Founding Member Mark Brandow on his memory:

I met Al Moss in 1982 when I was at Monterey. That year my wife and I went out to meet new people and try a new track, like I try to do every year. I met Al and Don Martine and amazingly enough they were still the same people they are, and they were trying to get their cars together and get them to work at the track! Mine ran all weekend – which is the good news – of course I beat Al Moss and I thought he should go faster, being the local at the track. But I’ve got a lot of good memories just coming here to the track and seeing Al again and Don Martine, and George and the rest of the guys who are part of the founding guild – always fun to come to the track.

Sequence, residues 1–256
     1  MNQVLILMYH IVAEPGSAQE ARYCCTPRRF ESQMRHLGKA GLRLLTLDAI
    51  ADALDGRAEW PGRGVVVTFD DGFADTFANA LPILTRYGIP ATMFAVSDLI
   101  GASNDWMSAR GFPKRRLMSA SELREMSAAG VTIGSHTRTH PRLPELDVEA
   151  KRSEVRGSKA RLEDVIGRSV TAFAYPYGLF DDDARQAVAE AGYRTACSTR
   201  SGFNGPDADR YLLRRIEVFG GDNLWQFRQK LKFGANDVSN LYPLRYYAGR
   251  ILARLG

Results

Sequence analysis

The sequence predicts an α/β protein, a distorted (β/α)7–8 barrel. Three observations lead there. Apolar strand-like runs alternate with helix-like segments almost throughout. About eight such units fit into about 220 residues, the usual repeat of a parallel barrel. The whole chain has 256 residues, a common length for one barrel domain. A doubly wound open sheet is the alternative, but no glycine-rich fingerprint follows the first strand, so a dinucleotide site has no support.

Founding Member Will Bowden with his memories: